VanDeMortel: Candlestick, High Society, and Hot Pants

From SABR member Dan VanDeMortel at Nob Hill Gazette on April 11, 2014:

“It sort of sneaks up on you, does baseball season. Warm winter weather gives way to wintry spring weather, and one day you notice that the kids in the playground at the corner have put away the basketball,” wrote columnist Herb Caen on Opening Day, April 1971. The words are true today, as a new baseball season is arriving.

Amidst tears of sadness and joy shed over Candlestick Park’s recent closing, it is worth remembering that “The ‘Stick’s” layout originated in 1971, when cramped Kezar Stadium was abandoned by the 49ers in favor of the more parking-friendly location on the city’s edge. The result: goodbye baseball-only park; hello ongoing conversion to a multi-use stadium. Candlestick’s then-new features—not attributes—were rock-hard AstroTurf, an enclosing outfield area negating visibility of the outside world, and unfinished construction in several directions resembling “a construction job deserted by the hardhats after a hot labor-management dispute,” as another San Francisco Chronicle columnist, Charles McCabe, described it.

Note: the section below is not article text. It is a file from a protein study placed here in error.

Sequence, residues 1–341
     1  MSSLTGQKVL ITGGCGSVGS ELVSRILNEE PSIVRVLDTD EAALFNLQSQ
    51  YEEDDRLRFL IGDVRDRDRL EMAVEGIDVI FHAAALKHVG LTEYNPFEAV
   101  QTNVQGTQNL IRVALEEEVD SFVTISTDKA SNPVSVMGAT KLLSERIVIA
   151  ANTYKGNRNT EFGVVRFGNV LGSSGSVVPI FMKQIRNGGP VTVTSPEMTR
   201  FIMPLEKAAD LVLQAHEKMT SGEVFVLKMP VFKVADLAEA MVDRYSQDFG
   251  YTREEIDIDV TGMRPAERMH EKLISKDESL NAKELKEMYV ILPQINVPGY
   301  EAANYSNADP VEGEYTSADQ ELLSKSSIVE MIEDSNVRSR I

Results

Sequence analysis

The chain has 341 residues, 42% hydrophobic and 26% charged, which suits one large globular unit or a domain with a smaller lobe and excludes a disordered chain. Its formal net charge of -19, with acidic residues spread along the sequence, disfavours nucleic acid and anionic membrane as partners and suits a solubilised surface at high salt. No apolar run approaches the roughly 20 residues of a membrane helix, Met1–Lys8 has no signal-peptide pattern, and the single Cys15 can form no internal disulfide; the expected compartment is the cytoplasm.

Such a pedestrian environment does not conjure visions of high society. Yet, undeterred, socialites answered the Opening Day bell, as they had annually since the Giants’ 1958 arrival from New York. At the Fairmont’s Venetian Room, Louis Lurie, father of future Giants’ owner Robert Lurie, hosted a pre-game brunch for 200 friends, after which several reserved buses took the group to the ballpark. Another party arrived there after attending an Opening Day lunch at Trader Vic’s. A similarly affluent Hillsborough contingent arrived by station wagon and Volkswagen bus (remember those?) for pre-game tailgate picnics. Men were attired in suits, while women sported exquisitely tasteful dresses and sun hats.  The women were particularly grateful for the newly installed red-and-orange plastic seats, which did not snag their hosiery as Candlestick’s wooden predecessors had for the past 11 years.

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Originally published: April 11, 2014. Last Updated: April 11, 2014.